BBC attacks license fee proposals

Thompson claims plot to undermine pubcaster's funding

LONDON -- Signaling a looming row with regulators and government, BBC director general Mark Thompson on Wednesday hit out at plans to share the BBC license fee with ailing commercial rivals -- so-called "top-slicing" -- and accused "a small number of people" within the regulators and government of trying to undermine the pubcaster's funding mechanism.

Speaking on "The Media Show" on BBC Radio 4 Wednesday, Thompson said there was "a suspicion" that government and regulators plans were aimed at forcing the BBC to give up control of the license fee on ideological grounds.

"There is a suspicion that for some years now there has been a small group of people who have been ideologically focused more on the principle of getting a wedge into the license fee and trying to prove a point about the principle of top-slicing, rather than having a particular urgent need," Thompson said.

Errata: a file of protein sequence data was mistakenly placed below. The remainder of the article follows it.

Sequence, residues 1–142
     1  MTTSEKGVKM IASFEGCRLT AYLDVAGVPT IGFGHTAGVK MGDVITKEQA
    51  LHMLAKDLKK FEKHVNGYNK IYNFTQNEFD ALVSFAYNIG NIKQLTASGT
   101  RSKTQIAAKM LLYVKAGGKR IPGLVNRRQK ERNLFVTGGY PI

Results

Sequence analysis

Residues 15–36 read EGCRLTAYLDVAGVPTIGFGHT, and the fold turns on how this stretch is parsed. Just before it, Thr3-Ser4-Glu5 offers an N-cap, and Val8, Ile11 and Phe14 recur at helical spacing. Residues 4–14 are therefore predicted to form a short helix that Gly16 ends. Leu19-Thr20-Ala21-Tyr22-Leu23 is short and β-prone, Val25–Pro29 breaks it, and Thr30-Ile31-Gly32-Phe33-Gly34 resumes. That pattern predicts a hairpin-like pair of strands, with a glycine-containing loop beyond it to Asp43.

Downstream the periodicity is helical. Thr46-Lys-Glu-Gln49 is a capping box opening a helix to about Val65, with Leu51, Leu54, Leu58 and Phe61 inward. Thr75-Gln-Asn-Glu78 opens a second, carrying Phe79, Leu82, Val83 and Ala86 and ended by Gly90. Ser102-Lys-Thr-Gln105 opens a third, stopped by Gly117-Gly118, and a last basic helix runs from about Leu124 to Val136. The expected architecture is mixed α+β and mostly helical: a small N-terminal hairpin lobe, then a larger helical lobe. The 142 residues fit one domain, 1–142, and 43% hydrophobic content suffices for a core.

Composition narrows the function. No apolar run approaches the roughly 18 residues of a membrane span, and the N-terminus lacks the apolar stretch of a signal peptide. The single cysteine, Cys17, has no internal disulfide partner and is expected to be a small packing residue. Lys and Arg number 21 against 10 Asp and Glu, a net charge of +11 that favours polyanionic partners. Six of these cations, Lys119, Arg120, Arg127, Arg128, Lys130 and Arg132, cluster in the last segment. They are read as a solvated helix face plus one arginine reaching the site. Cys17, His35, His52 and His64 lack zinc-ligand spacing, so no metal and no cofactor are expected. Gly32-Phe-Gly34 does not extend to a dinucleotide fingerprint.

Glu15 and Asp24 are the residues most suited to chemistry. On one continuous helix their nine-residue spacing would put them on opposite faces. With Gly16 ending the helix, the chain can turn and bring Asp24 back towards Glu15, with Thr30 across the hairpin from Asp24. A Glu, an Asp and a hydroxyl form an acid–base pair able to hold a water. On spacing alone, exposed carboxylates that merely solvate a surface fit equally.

"When Ofcom was interested in a public service publisher (an annual fund to support high-quality non-BBC programming), it was going to cost about £100 million ($165.2 million) and the license fee looked like a good source for that. Then it was Channel 4 that was going to need perhaps £100 million and the license fee was a good source for it. Now, we are told regional news might need £100 million," he said.

His comments come a week after the government's white paper on broadcasting, Digital Britain, proposed a consultation on using £130 million ($214.7 million) of BBC money to support local news rivals so that the pubcaster was not the monopoly provider of local and regional news in the U.K.. The report's author, broadcasting minister Stephen Carter, was formerly chief executive of Ofcom.

Thompson's comments also came on the same day that the BBC's oversight board, the BBC Trust, called for "greater care" over issues of taste and decency in the wake of the Russell Brand/Jonathan Ross debacle, and said the BBC should scale back the use of "offensive" language between 9 p.m. and 10 p.m..

But the Trust also insisted that BBC execs should not fight shy of creative or challenging material, as long as it was not "aggressive intrusive or humiliating."
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